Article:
Monday, July 7, 2008

Pantry-clearing chili

Long long ago I bought a chunk of tasajo--Cuban-style dried beef--intending to use it for a dish of oil down. I had no luck finding the breadfruit I needed for the recipe and I'm sick of looking at it so I researched alternate uses. Other than just snacking on it, as it is beef jerky essentially, most applications are stews, either simple or with a long list of what I assume are vegetables that I've never heard of.

The seasoning on those stews are the standard minimalistic Cuban set, but I"ve been thinking about chili since my southwestern hominy stew got out of control and turned into something not quite close enough to chili to satisfy (although it's fine if you're not holding it to that standard). I've still got some black beans and chilies left from that, plus a sack full of CSA onions starting to go past their prime. Add a can of tomatoes, the right spices and maybe some corn meal to thicken and that's chili. It's not the traditional bowl of red, but by using dried beef it's closer to cowboy chili than most recipes come. I've never tried that before so I was curious how it would go.

The first step is an overnight soak for the tasajo, the beans and the peppers (in individual bowls). That yellow on the beef is colored beef fat, part of the preservation process. I scraped off a good bit so the water could get through.

The peppers seemed to be done soaking in the morning so I poured their liquid onto the beans and put them in the fridge for later. The other two soaked until I got home from work.

At this point the tasajo was nicely rehydrated and hard to distinguish from an oversalted, slightly overcooked piece of fresh beef. I scraped off some more of the fat and chopped it up into pieces and inch or two on the side. I figured they'd either hold together at that bite-sized size or fall apart into strands as they cooked. I also added a pound of fresh beef (the "for stew" scraps you get at the supermarket). To make sure it would have a different texture than either of the dried beef possibilities I ran it through the food processor. During an episode of Good Eats on ground beef Alton Brown recommended ten pulses for burgers and seven for chili. When he actually did a chili episode he just cut the beef into cubes, but I wanted to try this. The results are a bit uneven, but I figured the big pieces would fall apart once the connective tissue melted during cooking.

I also chopped up two and a half onions (one red, the rest yellow), a few cloves of garlic, and a couple fresh small hot chilies.

And now to cook. I preheated the over to 300 degrees and heated some oil (and some of that yellow beef fat. Why waste it?) in a dutch oven. First order of business was to brown the ground beef in a few batches. Then I tossed in the dried beef just to melt off the rest of the fat. Both those out, I added a bit more oil and tossed in chili powder, cumin, ground chilies and some Mexican oregano. Once they got fragrant I added the vegetables, turned down the heat, and gave them a bit of a sweat until they softened. Once they were ready I returned the beef, added a 14 ounce can of chopped tomatoes in juice and my rehydrated peppers and into the oven it went for two hours.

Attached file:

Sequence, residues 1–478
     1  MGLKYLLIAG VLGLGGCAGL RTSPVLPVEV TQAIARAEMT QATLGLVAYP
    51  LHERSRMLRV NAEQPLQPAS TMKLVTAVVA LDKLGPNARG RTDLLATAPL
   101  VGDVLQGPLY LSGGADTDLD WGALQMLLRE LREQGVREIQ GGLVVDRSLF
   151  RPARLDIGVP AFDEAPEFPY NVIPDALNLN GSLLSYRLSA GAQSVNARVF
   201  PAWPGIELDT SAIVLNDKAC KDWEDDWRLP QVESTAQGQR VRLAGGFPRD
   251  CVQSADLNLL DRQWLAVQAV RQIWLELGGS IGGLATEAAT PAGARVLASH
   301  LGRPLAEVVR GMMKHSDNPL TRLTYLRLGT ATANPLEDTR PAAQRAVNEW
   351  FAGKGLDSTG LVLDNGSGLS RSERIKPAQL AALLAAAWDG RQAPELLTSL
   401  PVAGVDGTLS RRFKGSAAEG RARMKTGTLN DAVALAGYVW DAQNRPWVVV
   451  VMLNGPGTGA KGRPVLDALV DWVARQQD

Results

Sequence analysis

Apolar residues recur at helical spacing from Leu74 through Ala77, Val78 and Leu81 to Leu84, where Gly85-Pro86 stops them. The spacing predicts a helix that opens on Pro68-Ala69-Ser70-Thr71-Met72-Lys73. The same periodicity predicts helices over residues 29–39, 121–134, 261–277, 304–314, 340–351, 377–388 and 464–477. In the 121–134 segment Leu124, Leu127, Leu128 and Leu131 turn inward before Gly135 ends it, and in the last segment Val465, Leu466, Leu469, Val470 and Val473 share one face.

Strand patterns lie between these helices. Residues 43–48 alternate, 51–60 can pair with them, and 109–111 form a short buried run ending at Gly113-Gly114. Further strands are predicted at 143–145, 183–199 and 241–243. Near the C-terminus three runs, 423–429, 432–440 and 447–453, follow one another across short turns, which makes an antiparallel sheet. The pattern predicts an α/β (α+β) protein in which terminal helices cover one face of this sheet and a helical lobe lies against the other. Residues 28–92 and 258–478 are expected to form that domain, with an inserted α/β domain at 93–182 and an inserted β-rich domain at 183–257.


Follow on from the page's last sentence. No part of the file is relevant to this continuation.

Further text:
The black beans I decided to cook separately for a couple reasons. First, you want to salt a stew early, but if you salt beans they take forever to get soft. Second, you need to simmer beans to cook them, but you want to keep a stew under a boil to keep the meat tender. So I cooked the beans on the countertop in the bean and chili soaking liquid with a bay leaf and some bits of hot Mexican carrots, onion and jalapenos I pickled last month. They never got hot enough to be great on their own, but they make a good ingredient. The beans took about an hour to cook and I added them to the stew when it had 45 minutes left to go.

At the same time I added a few handfuls of corn meal to thicken the dish. I didn't have any masa so I ran some polenta through the food processor (before I did the beef) to try to get a finer grind. It didn't really work.

Forty-five minutes later and the dish was done. The tasajo didn't fall apart so it's in chewy chunks. It's pretty much the dried-out texture you get if you actually boil a stew for a couple hours. Not jerky-esque at all. It's still a bit saltier than fresh beef, but palatably so. Hardly worth the bother unless it's the only meat you can get your hands on after you've at sea for a month.

I really like the texture of the fresh beef, though. It didn't fall apart like fully ground beef would in a stew so there's something there to chew on, but it's tender enough that you don't have to really work at it. I think that's the takeaway from this experiment: seven pulses in the food processor. I'll have to see how it works in a beef bourguignon when the weather cools off a bit.

I used too much polenta so the chili clotted right up. I'm trying to think of it as cornbread pre-crumbled in for your convenience. I had to thin it out with some chicken stock which I'm hoping the polenta doesn't suck up too.

As for the the flavors, it's pretty much kid's chili. Kind of sweet, from the corn and peppers I think, and only a little heat in the aftertaste. A bit of lime, a shot or two of hot sauce and a few garnishes perks it up, though. Not bad, but nothing special. I've been too timid with the peppers lately; next time I'm going to take my chances and toss a bunch in.

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